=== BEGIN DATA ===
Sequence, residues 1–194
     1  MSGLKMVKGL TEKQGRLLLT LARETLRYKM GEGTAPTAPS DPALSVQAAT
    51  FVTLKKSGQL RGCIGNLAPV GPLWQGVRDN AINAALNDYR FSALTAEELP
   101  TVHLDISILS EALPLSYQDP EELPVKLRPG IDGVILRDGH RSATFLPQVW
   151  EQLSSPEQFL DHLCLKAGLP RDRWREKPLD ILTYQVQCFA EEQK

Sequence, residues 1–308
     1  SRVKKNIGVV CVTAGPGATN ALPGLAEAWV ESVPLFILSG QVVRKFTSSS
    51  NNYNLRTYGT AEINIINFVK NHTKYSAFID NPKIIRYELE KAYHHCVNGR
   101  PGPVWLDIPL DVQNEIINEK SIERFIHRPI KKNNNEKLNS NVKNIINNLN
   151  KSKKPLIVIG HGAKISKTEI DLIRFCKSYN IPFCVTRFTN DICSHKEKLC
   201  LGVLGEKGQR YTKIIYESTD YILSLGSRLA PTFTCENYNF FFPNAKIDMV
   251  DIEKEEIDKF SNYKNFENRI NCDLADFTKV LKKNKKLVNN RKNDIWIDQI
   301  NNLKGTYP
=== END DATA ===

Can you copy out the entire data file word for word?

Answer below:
Sequence, residues 1–194
     1  MSGLKMVKGL TEKQGRLLLT LARETLRYKM GEGTAPTAPS DPALSVQAAT
    51  FVTLKKSGQL RGCIGNLAPV GPLWQGVRDN AINAALNDYR FSALTAEELP
   101  TVHLDISILS EALPLSYQDP EELPVKLRPG IDGVILRDGH RSATFLPQVW
   151  EQLSSPEQFL DHLCLKAGLP RDRWREKPLD ILTYQVQCFA EEQK

Sequence, residues 1–308
     1  SRVKKNIGVV CVTAGPGATN ALPGLAEAWV ESVPLFILSG QVVRKFTSSS
    51  NNYNLRTYGT AEINIINFVK NHTKYSAFID NPKIIRYELE KAYHHCVNGR
   101  PGPVWLDIPL DVQNEIINEK SIERFIHRPI KKNNNEKLNS NVKNIINNLN
   151  KSKKPLIVIG HGAKISKTEI DLIRFCKSYN IPFCVTRFTN DICSHKEKLC
   201  LGVLGEKGQR YTKIIYESTD YILSLGSRLA PTFTCENYNF FFPNAKIDMV
   251  DIEKEEIDKF SNYKNFENRI NCDLADFTKV LKKNKKLVNN RKNDIWIDQI
   301  NNLKGTYP